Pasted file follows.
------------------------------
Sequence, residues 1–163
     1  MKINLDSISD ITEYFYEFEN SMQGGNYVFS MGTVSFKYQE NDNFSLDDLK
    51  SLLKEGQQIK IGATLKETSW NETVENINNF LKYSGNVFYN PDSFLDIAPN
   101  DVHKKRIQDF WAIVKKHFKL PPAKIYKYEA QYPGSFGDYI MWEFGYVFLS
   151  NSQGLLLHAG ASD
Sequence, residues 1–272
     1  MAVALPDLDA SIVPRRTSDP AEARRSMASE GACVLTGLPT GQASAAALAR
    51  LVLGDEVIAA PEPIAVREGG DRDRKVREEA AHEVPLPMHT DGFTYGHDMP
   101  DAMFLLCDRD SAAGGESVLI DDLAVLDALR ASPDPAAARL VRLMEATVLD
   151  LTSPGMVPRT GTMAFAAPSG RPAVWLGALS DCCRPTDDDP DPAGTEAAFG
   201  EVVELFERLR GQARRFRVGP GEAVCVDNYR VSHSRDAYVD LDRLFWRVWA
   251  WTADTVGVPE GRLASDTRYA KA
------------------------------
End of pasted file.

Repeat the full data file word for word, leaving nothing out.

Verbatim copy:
Sequence, residues 1–163
     1  MKINLDSISD ITEYFYEFEN SMQGGNYVFS MGTVSFKYQE NDNFSLDDLK
    51  SLLKEGQQIK IGATLKETSW NETVENINNF LKYSGNVFYN PDSFLDIAPN
   101  DVHKKRIQDF WAIVKKHFKL PPAKIYKYEA QYPGSFGDYI MWEFGYVFLS
   151  NSQGLLLHAG ASD
Sequence, residues 1–272
     1  MAVALPDLDA SIVPRRTSDP AEARRSMASE GACVLTGLPT GQASAAALAR
    51  LVLGDEVIAA PEPIAVREGG DRDRKVREEA AHEVPLPMHT DGFTYGHDMP
   101  DAMFLLCDRD SAAGGESVLI DDLAVLDALR ASPDPAAARL VRLMEATVLD
   151  LTSPGMVPRT GTMAFAAPSG RPAVWLGALS DCCRPTDDDP DPAGTEAAFG
   201  EVVELFERLR GQARRFRVGP GEAVCVDNYR VSHSRDAYVD LDRLFWRVWA
   251  WTADTVGVPE GRLASDTRYA KA